A view of people queuing in front of a tent at the arrival center for refugees from Ukraine at the former Tegel Airport in Berlin, Germany | Photo: ARCHIVE/EPA/CHRISTOPH SOEDER
A view of people queuing in front of a tent at the arrival center for refugees from Ukraine at the former Tegel Airport in Berlin, Germany | Photo: ARCHIVE/EPA/CHRISTOPH SOEDER

There is growing concern that Germany will soon be unable to accommodate the increasing number of refugees and asylum seekers. Childcare centers and schools, as well as health care, are also increasingly coming under strain.

The head of the Landkreistag (Association of Districts), Reinhard Sager, has warned that many districts in Germany have already reached the limits of their capacity to take in more war refugees from Ukraine.

Around one million people have fled Ukraine for Germany. With a further 115,000 people from other countries applying for asylum since January 2022, the numbers have already surpassed the number of first-time asylum applicants in Germany in 2015.

As was the case then, pressure is being felt in Germany’s cities where once again, asylum seekers and refugees are sleeping on stretcher beds in gymnasiums. "We don’t want conditions like 2015/2016, but we’re heading towards that," Reinhard Sager told the RND media group on Wednesday.

Housing bottlenecks

Finding sufficient housing for refugees is not the only problem, according to Sager. Childcare centers and schools, as well as health care, are increasingly coming under strain.

The mayor of Münster and president of the Städtetag (Association of Cities), Marcus Lewe, believes that more refugees from Ukraine will arrive in Germany with the onset of winter. At the same time, some Ukrainians who are already in Germany might not be able to stay living in private housing and will have to move into state housing or emergency shelters. "In the coming winter several cities will have to accommodate refugees in hotels, gymnasiums or other facilities," said Lewe.

In nearly every one of Germany’s 16 states there are already bottlenecks, according to research by the Mediendienst Integration. Thirteen states have announced that they cannot take in any more refugees, and many Landkreise and Kommune say the same.

It is estimated that the majority of refugees from Ukraine live in Germany’s most populous state, North Rhine-Westphalia, followed by Bavaria and then Baden-Württemberg. At the end of June, most states claimed to have sufficient refugee accommodation, according to Mediendienst. Since then, however, nearly all have said that their general reception capacities have been exhausted and they are increasingly using emergency shelter in halls, hotels or commercial properties. The federal government is said to be considering how it can offer additional support to the states to address the shortfall.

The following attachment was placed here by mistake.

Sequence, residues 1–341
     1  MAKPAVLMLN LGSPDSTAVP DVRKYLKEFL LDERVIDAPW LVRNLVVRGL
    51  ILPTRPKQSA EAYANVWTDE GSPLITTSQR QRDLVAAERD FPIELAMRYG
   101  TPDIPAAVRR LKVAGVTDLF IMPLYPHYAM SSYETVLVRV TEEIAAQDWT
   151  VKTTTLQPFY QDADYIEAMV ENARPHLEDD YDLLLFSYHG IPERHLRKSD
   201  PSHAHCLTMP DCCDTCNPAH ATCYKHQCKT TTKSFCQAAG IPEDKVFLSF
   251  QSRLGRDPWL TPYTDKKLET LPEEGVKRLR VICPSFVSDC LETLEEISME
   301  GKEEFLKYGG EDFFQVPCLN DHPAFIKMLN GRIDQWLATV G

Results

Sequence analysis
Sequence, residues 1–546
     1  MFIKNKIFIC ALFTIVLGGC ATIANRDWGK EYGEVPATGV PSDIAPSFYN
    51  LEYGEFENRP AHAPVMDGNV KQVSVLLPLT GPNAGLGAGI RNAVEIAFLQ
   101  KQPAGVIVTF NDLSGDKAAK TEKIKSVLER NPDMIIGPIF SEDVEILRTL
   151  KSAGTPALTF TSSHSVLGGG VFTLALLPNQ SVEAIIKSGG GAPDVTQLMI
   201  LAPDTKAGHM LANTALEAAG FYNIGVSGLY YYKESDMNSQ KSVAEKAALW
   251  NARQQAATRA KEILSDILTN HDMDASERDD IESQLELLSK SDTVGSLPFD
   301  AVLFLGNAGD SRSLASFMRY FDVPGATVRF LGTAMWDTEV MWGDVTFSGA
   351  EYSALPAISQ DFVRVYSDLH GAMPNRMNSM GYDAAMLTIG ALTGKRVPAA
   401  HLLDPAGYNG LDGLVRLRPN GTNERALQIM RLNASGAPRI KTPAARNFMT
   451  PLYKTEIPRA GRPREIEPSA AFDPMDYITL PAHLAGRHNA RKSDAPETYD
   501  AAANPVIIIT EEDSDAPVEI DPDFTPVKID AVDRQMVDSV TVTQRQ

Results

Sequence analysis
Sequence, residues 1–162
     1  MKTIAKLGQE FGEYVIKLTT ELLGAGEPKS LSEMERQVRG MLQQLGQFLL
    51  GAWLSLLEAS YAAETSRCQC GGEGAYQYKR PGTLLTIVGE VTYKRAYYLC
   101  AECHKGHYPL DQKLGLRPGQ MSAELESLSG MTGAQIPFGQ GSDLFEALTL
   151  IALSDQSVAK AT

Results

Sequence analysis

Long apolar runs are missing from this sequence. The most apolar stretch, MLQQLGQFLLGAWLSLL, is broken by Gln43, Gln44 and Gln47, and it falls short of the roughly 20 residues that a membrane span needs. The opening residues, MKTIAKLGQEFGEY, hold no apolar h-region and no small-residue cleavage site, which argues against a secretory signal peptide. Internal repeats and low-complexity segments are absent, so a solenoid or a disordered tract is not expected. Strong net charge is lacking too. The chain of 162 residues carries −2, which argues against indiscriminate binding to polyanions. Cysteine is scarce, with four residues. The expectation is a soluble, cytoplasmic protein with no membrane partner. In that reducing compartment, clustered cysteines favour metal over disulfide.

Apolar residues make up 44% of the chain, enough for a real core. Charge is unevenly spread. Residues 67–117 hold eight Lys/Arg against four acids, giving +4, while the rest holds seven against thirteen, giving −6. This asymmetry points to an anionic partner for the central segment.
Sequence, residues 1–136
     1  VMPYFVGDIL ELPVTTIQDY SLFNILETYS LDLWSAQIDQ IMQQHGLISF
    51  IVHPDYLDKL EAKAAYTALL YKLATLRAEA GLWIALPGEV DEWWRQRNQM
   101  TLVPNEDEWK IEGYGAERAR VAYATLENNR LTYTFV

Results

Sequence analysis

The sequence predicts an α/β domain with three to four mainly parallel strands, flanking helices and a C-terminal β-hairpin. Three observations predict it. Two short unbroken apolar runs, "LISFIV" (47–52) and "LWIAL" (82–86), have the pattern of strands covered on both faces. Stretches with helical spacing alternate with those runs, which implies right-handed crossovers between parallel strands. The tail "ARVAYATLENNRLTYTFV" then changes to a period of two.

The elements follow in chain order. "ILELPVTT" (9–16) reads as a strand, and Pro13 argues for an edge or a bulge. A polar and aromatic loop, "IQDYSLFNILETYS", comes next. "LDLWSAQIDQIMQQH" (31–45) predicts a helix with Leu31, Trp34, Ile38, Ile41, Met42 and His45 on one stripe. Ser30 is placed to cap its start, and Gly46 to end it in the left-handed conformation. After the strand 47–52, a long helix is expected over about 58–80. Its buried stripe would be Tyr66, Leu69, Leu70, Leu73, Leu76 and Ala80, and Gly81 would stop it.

From file: Many Ukrainians have made their way to Germany, such as this group waiting to enter their new home in Cologne | Photo: Henning Kaiser/dpa/picture-alliance
From file: Many Ukrainians have made their way to Germany, such as this group waiting to enter their new home in Cologne | Photo: Henning Kaiser/dpa/picture-alliance

Stop on admissions

The reason that the reception system is under so much strain is partly that the number of asylum seekers from other countries is rising. Nevertheless, five states (Mecklenburg-Western Pomerania, Lower Saxony, Rhineland-Palatinate, Saxony and Thuringia) have temporarily stopped taking in asylum seekers from other countries, according to Mediendienst. Several municipalities and districts have also introduced temporary stops on admissions – they include cities such as Hanover, Dresden and Leipzig, as well as small towns. 

Meanwhile, when it comes to refugees from Ukraine, only three states are still accepting refugees. In North Rhine-Westphalia, the head of the Refugee Council, Birgit Naujoks, said Wednesday that she wanted to see "no tents, no gymnasiums." But she admitted that the goal of accommodating refugees in private living spaces was unrealistic, given that accommodation shortages have been a problem for years.

With the situation nearing breaking point, both the Landkreistag and the Städtetag are calling for an urgent summit on refugees to be convened with the German federal states and municipalities. Otherwise, Lewe said, there is a risk that the public’s trust will be lost.

With epd

Also read: Germany: Finding housing as a refugee – an obstacle course (1/3)

 

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